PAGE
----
There are a wide variety of IRS tax penalties available for different situations that arise. If you forget to file your tax return, there’s a tax penalty for that. If you can’t pay the tax due, there’s a tax penalty for that. If the tax return you file isn’t correct, there’s a tax penalty for that.
Let’s dive in and explore some of the most common IRS tax penalties.
Don’t Be Late: Delinquency Tax Penalties
The most common delinquency penalties are:
- failure to file a tax return,
- failure to pay tax,
- failure by an individual to pay estimated income tax,
- failure by a corporation to pay estimated income tax, and
- failure to make employment tax deposits.
Failure to File Penalty and Failure to Pay Penalty
If you do not file a return on time, you could be penalized under 26 U.S.C. Section 6651(a)(1). There are many types of returns that are subject to the failure to file penalty including:
- individual returns,
- corporate income tax returns,
- employment tax returns,
- gift tax returns, and
- trust returns.
The penalty is calculated from the date the return was due, including any properly filed extensions. The failure to file penalty is 5% per month of the net tax due, up to 25%.
The failure to pay penalty penalizes those who are late in paying their taxes. The failure to pay penalty is usually ½% per month of the net tax due. In certain circumstances, it can be as low as ¼% and as high as 1% a month.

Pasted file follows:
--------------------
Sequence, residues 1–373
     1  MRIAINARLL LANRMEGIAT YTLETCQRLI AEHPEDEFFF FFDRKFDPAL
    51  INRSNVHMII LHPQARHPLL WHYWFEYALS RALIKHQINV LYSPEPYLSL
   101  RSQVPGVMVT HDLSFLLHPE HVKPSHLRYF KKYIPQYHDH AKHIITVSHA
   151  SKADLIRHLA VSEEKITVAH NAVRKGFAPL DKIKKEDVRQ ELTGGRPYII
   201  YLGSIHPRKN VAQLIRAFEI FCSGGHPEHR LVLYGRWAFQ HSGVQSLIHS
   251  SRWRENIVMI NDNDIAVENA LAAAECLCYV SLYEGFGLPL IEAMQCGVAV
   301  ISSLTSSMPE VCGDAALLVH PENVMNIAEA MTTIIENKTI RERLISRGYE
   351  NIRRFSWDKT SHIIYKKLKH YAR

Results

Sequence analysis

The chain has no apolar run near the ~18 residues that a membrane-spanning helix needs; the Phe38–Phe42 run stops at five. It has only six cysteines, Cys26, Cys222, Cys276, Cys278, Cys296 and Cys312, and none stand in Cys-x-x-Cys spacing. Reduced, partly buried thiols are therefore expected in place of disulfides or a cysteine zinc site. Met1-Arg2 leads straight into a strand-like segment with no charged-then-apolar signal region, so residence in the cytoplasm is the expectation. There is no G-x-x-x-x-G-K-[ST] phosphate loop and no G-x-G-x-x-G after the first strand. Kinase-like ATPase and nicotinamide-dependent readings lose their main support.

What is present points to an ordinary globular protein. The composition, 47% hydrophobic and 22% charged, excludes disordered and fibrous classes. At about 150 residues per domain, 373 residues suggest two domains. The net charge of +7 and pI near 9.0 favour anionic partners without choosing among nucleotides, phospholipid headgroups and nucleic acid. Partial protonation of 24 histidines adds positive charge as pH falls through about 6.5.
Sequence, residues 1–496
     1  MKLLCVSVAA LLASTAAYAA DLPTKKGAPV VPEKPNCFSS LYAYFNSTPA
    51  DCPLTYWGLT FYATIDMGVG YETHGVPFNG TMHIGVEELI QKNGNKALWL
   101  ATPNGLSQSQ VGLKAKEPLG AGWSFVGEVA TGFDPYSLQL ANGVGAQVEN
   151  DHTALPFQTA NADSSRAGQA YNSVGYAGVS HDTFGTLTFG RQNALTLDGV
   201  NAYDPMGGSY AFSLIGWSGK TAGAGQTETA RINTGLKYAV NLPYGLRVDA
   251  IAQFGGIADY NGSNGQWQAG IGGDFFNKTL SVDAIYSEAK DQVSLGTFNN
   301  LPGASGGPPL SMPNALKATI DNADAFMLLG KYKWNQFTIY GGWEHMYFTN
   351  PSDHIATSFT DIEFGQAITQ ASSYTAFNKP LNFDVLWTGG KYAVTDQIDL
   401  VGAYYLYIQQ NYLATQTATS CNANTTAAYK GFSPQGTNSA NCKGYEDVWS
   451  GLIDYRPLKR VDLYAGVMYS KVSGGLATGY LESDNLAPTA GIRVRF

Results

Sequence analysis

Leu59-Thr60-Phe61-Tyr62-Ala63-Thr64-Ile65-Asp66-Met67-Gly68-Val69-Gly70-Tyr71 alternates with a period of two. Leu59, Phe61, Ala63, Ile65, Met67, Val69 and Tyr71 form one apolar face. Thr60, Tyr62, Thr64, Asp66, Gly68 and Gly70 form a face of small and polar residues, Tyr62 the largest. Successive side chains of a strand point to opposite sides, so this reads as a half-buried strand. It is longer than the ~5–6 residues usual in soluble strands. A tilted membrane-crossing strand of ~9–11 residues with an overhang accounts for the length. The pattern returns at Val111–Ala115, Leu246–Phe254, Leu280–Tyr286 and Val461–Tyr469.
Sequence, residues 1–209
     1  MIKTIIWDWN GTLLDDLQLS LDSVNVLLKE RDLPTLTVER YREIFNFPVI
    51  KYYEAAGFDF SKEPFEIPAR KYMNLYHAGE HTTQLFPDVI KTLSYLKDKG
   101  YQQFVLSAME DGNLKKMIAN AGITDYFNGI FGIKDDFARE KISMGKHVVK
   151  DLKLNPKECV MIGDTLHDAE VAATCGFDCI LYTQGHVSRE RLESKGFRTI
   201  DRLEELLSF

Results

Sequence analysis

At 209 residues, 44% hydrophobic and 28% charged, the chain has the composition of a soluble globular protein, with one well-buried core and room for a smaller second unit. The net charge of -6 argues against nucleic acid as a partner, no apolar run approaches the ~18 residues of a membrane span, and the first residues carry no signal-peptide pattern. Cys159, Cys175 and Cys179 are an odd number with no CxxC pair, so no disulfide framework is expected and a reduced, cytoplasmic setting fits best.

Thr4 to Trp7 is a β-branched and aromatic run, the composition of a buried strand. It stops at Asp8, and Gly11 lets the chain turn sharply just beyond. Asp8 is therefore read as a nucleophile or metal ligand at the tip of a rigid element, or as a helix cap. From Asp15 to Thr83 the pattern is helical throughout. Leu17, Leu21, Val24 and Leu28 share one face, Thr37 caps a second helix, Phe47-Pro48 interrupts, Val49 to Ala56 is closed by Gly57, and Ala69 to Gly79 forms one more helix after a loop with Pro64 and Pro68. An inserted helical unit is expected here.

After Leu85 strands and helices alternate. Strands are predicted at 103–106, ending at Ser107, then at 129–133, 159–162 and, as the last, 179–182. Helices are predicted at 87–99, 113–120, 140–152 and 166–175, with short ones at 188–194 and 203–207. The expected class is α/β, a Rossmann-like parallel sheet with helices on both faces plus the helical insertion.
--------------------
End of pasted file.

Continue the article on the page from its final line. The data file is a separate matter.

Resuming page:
When you also factor in the interest, this can quickly add up.
Failure to Pay Estimated Taxes
Individuals and corporations both face penalties for failing to make estimated tax payments. Estimated taxes are essentially deposits you make throughout the year. When you file a return showing a total tax, you are credited for the tax you already paid. This helps lessen the blow when the tax is actually due.
Corporations and individuals are penalized at the same rate, which is calculated the same as the interest calculation.
Failure to Make Employment Tax Deposits
Penalties for failing to make employment tax deposits are more severe than most other delinquency penalties. If you are late by 5 days or less, the penalty is 2%. If you’re between 6-15 days late, the penalty is 5%. If you’re over 15 days late, the penalty is 10%. And if the IRS sends you a notice about the delinquency, it’s a 15% penalty.
As someone who’s helped countless taxpayers with their payroll tax issues, I’ve seen how this penalty can really compound the issue when a company falls behind in employment tax deposits. When there’s a cash shortage, businesses are tempted to stop paying employment taxes and pay other expenses, like rent or utilities. They rationalize the move by saying they need to keep the lights on to stay in business. But “borrowing” from employment taxes is a terrible idea with significant penalties.